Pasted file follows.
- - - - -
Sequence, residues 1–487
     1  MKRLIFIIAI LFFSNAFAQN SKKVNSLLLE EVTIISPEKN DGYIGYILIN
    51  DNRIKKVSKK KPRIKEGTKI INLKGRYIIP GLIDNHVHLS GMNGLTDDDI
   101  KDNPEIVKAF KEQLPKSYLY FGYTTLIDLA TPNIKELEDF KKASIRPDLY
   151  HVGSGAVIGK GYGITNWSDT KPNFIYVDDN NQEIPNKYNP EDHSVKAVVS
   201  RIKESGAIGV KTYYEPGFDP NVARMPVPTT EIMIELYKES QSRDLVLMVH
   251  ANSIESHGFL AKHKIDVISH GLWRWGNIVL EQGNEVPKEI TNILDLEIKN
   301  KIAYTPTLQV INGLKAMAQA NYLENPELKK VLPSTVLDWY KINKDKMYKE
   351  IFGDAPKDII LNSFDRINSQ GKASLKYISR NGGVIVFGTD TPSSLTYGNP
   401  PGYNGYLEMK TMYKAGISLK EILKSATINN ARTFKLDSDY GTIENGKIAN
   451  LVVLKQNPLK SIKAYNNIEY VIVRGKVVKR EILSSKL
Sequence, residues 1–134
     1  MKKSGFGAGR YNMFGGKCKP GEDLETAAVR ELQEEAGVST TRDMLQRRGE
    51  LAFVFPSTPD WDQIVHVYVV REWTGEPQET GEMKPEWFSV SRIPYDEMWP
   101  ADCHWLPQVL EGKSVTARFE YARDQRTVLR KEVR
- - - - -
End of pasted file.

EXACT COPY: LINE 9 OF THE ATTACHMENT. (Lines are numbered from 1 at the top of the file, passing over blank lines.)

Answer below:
   351  IFGDAPKDII LNSFDRINSQ GKASLKYISR NGGVIVFGTD TPSSLTYGNP